The conspiracy theory begins with a peculiar admission, namely that Putin’s direct involvement in theft, tax evasion, or money laundering has not been established. Documents point to friends, not to President Putin per se. There are suspicions of a vast fortune, but no paper trail. That is a non-story, Clifford argues, because Putin would have little if any motive to hide his riches before 2014.

The conspiracy theory here ends with the idea that this would be a form of “hybrid warfare” against the West, of which Russia has proved to be capable. The theory rests on cui bonoargumentation. The argument is in essence that Putin has nothing to lose, but the West is losing its moral high ground. And since it has motive, Russia could find the opportunity. As for why the ICIJ has not as yet reveled US clients, the Russians omitted the data in the first place to discredit the U.S.

To paraphrase Dr. Gaddy, this is a “non-theory.” In other terms, such argument are even more fun than the cover of Charlie Hebdo.

Conspiracy theory no.3: the Americans did it

Unfortunately Russian conspiracy theories are not of a better quality. On Thursday, President Putin suggested that the Panama Papers have nothing to do with him. “Your truly is not there, so there’s nothing to talk about,” Russia Media report. As for his elder daughter’s godfather, the cellist Sergei Roldugin, for whom there is some paper trail, he covers him fully saying he is proud to call him a friend.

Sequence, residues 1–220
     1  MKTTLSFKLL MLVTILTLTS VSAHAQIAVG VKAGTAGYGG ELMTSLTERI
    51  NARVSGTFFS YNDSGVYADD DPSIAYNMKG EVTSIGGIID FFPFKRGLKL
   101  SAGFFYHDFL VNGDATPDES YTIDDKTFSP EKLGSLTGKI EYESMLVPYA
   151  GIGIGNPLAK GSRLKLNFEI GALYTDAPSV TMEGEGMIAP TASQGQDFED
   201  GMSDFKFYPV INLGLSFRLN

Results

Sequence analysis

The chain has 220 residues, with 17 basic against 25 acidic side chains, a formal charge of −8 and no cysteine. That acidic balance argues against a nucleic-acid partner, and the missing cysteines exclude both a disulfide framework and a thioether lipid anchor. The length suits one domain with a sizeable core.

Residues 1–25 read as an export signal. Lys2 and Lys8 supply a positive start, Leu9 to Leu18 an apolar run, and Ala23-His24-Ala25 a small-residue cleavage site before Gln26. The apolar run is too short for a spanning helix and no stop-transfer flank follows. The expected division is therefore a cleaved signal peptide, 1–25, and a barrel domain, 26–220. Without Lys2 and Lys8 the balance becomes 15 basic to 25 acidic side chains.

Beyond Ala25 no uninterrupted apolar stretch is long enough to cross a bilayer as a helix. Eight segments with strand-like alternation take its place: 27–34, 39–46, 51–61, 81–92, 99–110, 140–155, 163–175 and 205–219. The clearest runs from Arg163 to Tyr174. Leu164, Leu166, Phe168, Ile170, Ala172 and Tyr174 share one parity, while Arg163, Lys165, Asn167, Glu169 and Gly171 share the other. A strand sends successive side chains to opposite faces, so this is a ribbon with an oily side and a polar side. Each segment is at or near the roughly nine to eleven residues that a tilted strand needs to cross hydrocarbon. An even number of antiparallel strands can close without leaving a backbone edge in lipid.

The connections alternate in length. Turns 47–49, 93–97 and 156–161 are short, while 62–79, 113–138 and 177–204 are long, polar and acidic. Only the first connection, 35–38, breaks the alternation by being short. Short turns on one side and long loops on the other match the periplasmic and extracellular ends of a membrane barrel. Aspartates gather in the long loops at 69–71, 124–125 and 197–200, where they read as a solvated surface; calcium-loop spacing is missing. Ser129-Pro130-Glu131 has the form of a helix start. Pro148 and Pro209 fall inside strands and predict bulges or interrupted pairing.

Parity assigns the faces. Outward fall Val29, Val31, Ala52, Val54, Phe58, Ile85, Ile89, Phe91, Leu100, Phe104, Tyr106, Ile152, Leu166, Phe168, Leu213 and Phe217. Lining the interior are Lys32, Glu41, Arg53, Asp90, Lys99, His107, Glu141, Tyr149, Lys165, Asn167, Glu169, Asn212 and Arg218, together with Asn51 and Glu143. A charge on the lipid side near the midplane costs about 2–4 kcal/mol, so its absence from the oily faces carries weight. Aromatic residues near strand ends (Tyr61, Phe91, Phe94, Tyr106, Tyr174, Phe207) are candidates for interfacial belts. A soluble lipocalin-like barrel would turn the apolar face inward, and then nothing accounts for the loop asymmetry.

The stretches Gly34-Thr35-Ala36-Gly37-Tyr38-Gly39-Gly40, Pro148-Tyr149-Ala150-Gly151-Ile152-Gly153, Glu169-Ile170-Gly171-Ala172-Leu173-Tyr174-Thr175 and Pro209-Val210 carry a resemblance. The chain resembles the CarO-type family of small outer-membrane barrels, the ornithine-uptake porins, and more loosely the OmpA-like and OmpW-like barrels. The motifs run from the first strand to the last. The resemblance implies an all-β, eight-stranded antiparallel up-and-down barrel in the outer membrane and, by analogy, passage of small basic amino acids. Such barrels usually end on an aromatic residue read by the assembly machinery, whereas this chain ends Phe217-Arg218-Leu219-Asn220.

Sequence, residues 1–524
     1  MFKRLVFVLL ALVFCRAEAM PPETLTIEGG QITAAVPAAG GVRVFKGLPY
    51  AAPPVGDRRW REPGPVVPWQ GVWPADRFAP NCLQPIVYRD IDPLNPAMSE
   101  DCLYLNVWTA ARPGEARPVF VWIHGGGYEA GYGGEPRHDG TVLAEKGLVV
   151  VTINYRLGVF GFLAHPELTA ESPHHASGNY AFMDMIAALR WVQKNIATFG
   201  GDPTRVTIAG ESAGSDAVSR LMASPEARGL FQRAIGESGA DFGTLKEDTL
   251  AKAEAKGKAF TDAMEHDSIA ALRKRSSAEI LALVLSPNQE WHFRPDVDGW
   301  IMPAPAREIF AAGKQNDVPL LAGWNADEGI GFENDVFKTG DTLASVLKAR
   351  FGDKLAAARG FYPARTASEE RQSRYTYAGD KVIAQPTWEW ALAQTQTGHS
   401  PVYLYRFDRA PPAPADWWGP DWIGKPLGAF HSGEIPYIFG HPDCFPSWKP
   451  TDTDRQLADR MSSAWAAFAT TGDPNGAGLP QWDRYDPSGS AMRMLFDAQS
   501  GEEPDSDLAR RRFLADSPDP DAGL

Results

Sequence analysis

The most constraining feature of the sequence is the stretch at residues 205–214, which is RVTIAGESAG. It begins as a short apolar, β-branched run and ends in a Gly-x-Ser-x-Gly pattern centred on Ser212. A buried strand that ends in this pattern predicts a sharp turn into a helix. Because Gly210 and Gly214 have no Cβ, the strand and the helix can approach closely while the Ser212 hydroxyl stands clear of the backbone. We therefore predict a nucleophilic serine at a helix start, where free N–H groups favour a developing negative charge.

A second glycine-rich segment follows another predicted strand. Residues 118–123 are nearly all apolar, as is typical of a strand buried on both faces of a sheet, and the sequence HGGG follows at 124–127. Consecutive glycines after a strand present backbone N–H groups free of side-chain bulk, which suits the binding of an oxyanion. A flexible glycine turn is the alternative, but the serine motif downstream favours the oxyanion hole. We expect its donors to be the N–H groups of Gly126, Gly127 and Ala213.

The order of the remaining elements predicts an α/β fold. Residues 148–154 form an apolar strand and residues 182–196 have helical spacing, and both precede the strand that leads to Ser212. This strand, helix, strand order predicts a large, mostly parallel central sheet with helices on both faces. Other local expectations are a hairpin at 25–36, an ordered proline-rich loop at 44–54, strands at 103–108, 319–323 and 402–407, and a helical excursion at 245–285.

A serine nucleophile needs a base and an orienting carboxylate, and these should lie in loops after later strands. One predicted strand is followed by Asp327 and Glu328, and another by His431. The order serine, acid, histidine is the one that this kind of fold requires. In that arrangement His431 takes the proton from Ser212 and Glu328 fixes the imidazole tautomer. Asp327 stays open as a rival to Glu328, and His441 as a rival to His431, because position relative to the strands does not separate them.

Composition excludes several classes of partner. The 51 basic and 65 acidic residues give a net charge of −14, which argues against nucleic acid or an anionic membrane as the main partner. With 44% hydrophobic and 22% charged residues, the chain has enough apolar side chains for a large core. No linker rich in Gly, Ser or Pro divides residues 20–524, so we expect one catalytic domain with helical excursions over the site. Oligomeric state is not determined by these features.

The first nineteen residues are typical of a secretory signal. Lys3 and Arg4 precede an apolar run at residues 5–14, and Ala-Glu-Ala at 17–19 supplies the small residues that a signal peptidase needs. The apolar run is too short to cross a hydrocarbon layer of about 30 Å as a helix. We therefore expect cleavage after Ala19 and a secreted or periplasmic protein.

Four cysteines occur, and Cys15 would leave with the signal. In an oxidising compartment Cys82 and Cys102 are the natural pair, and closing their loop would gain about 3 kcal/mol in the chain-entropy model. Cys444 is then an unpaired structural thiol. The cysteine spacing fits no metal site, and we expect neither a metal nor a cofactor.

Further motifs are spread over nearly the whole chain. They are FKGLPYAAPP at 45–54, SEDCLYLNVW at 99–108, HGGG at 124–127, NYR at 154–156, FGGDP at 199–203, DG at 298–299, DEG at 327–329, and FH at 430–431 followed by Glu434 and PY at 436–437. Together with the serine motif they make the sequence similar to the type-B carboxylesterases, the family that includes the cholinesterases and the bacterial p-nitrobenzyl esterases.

Then Putin argues causality to point the finger to Washington. He says that since officials from the U.S. Department accuse him of corruption, it means they are behind the whole affair. That is as eloquent and argument as Dr. Gaddy’s cui bono rationale.

And “we know who ordered the whole thing.” According to the Guardian, that was an allusion to a WikiLeaks founder, Jualian Assange, Tweet claiming that OCCRP “produced” the allegations against Putin’s involvement.

When Putin suggests that he is really not a kleptocrat, under any circumstances, I am convinced that really it is life that is imitating art.


What is known from the Panama paper is that 11,5 million documents of a Panamian company Mossack Fonseka has shed light into the world of tax evasion, where the sun rarely rises.

The company has branches in 35 locations and the owners of the company believe the whole affair is an inside job. Suddeutsche Zeitung has shared the documents with International Consortium of Investigative Journalists (ICIJ) that is, as its name suggests, a consortium.

The paper trail goes back for 40 years and has been reviewed by 370 journalists, from 76 countries, working in 25 languages. It contains information on 214,488 offshore entities connected to people in more than 200 countries and territories.

The only possible conspiracy here is the one aiming to discredit this information.

To prevent this full document disclosure maybe unavoidable; that is why ICIJ is considering it. That is a business that we must take seriously. But, for crying out loud, not too seriously.

The truth remains a battlefield at the expense of facts. Whoever does not realize that has never read philosophy in their life. Perhaps more importantly, he or she does not have a sense of humour.